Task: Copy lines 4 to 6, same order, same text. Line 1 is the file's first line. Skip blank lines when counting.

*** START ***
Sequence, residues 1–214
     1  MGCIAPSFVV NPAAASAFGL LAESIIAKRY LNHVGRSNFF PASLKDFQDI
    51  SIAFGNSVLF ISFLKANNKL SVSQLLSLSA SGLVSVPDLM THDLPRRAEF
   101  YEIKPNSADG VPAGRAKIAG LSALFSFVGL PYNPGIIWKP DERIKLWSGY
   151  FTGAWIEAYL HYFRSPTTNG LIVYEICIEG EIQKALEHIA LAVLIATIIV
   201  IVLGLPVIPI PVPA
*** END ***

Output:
   101  YEIKPNSADG VPAGRAKIAG LSALFSFVGL PYNPGIIWKP DERIKLWSGY
   151  FTGAWIEAYL HYFRSPTTNG LIVYEICIEG EIQKALEHIA LAVLIATIIV
   201  IVLGLPVIPI PVPA